Medical researchers have come a long way in researching CTE and athletes over the years, but the condition has always been discovered post-mortem. There is still no fail-proof way to detect CTE as it happens. Not yet, at least. A new study by researchers at Arizona State may be on to something and it has nothing to do with scanning the head.
Researchers at Arizona State found the speech patterns of 10 NFL players over a period of eight years declined in overall vocabulary. The patterns of their speech in press conferences and other interviews were compared to the vocabulary used by coaches and front office executives who have never played in the league and researchers noticed “a steeper decline in vocabulary size and other verbal skills” from the players studied.
It is important to note the sample size was admittedly small and no definitive conclusions can be drawn from the research at this time. It could, however, open the door to more similar testing that spans a wider range of players, even across sports, to see if there is anything that can be picked up just by listening to how players speak. The idea is that as a player’s brain is banged around, the early signs of trauma could be reflected in a declining vocabulary. According to the New York Times:
Of the 10 players, seven showed a decline in one of the measures; four showed a decline in both. Of the 18 coaches and executives, eight showed a decline in one measure and five a decline in both. The players were significantly more likely to show signs of verbal deterioration, the researchers concluded.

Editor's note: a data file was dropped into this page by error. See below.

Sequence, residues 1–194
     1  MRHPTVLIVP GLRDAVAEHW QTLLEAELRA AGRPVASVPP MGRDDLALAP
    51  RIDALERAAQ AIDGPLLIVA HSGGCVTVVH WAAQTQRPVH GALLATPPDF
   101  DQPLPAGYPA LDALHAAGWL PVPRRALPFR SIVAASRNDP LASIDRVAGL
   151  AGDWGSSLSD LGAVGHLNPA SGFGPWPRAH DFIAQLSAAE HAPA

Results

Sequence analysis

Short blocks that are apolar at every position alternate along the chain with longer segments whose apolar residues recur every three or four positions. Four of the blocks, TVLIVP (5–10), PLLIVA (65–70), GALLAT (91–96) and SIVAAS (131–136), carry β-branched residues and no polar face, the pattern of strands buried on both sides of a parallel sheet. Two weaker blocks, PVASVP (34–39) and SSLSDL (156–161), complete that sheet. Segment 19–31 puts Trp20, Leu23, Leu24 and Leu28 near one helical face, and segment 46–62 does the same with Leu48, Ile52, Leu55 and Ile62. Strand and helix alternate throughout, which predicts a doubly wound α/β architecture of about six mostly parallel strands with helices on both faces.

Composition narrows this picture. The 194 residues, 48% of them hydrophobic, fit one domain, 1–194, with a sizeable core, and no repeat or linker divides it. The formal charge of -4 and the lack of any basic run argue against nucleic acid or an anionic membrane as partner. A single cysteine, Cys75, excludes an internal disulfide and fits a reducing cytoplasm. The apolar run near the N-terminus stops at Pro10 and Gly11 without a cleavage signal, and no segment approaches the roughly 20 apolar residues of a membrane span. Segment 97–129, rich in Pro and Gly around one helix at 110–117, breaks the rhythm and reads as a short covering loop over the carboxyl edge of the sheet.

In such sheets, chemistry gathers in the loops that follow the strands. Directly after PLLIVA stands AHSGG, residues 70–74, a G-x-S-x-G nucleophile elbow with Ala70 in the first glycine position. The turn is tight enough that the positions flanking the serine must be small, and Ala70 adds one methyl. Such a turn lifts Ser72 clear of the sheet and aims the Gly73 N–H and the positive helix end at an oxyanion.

The study at Arizona State has been led by Dr. Visar Berisha, who previously studied the speech patterns of former President Ronald Reagan before Reagan had been diagnosed with Alzheimer’s disease. We are a long way from saying doctors will be able to listen to a player speak and automatically be able to say without question that player has suffered a CTE injury, but expanding the scope of what to look for is never a bad idea when it comes to researching long-term brain injuries.
The scope of this particular NFL study has evaluated 10,000 pregame and postgame interviews and press conferences from 2007 through 2015. The source of the interviews came in the form of transcripts from 11 NFL team websites. A total of 28 players were evaluated in the study, although it is unknown which 28 players were studied. In all, seven quarterbacks, one nose tackle, one cornerback and one wide receiver were found to have suffered from diminishing speech patterns.
Dr. Berisha intends to use similar study techniques to examine student-athletes at Arizona State’s football, hockey and soccer programs.